At the top of FIG. 1, a patient undergoing examination in a computerized tomography (CT) machine is designated by the reference numeral 10. The patient is supported on an x-ray permeable table top 11. The table is translatable, on command, in the longitudinal direction and bidirectionally as suggested by the arrow marked 12. The longitudinal axis is represented by the dashed line 13. An x-ray tube, (X-RT) 14, is located on one side of patient 10 and a multicell x-ray detector, (DET) 15, is located on the diametrically opposite side of the patient from the x-ray tube. The x-ray tube 14 has a collimator 16 coupled to its x-ray exit port for defining an axially thin fan-shaped x-ray beam which is projected through the patient during a tomographic scan. The center line of the x-ray beam is represented by the dashed line 17 which is vertical at the present time as shown. The fan-shaped beam diverges in laterally opposite directions in FIG. 1 and has a layer thickness, typically, of about 1 centimeter measured along the longitudinal axis 13.
It will be understood that the x-ray tube 14 and detector 15 are mechanically coupled so that they can orbit around the patient and x-ray table about longitudinal axis 13 during the axial body layer scanning process. The tube and detector run on a mounting in a gantry, not shown, which mounting is normally vertical as is the plane in which the x-ray tube and detector orbit. The mounting can be tilted away from vertical so that the tube and detector can orbit in any angulated planes between the ones represented by the dashed lines 18 and 19. Typically, the included angle between planes 18 and 19 is limited to about 30 degrees of tilt, that is, 15 degrees in either direction from vertical. It is desirable that the tilt be isocentric, that is, about a predictable fixed point or laterally extending axis such as where the planes 18 and 19 and vertical lines 17 intersect with the longitudinal axis 13 at the isocentric point marked 20. A suitable gantry mechanism, not shown, on which the x-ray tube 14 and detector 15 are mounted for orbiting and tilting is shown in detail in A. L. Kelman's U.S. Pat. No. 4,115,695 which is assigned to the assignee of the present application.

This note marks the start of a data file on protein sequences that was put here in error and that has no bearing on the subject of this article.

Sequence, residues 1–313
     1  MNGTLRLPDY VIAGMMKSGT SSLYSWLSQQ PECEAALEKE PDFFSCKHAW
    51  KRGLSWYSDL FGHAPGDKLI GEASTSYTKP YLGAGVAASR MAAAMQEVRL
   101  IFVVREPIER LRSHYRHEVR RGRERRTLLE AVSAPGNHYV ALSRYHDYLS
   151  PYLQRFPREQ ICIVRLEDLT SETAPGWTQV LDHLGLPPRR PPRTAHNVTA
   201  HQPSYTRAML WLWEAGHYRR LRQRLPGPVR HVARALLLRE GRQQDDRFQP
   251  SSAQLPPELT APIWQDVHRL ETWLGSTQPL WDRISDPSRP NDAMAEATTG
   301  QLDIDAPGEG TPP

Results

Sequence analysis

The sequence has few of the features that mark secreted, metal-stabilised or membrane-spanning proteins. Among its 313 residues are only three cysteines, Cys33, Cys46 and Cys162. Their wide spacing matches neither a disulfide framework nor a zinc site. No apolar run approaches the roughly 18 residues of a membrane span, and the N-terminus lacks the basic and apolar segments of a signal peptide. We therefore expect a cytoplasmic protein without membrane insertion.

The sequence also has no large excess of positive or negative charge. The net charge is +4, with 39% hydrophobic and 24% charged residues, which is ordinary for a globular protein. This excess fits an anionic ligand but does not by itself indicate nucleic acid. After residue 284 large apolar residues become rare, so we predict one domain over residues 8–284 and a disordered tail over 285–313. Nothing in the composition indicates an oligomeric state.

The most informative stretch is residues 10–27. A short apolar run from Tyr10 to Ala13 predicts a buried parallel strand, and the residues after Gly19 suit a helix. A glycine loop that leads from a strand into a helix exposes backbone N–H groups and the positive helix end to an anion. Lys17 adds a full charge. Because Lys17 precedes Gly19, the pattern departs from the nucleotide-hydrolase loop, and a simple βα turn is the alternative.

The x-ray tube power supply and pulse control is symbolized by the block 21. It is operative to pulse the x-ray tube 14 on and off while an orbital scan of each longitudinally adjacent body layer is being made. Pulsing the x-ray tube has the effect of stopping motion since the pulses are very frequent but of short duration.
As indicated earlier, two different types of x-ray scans are made with the CT machine. One is to obtain data for reconstructing an axial view of a layer of the body looking along axis 13. The other type of scan is longitudinal and produces a preliminary view of the body similar to that which would be obtained on a radiographic film that would be located approximately where detector 15 is located. Of course, the preliminary view is displayed on a cathode ray tube screen and not on any film. The scan for the preliminary view is made by advancing the patient through a pulsed x-ray beam along longitudinal axis 13 at a constant rate while the x-ray tube 14 and detector 15 are held in a fixed position. As indicated earlier, a preliminary view is generally made prior to making the axial scans to enable the operator to see some anatomical reference points which will aid in determining the angle at which the axial layer scans should be made and the number of layers that should be scanned.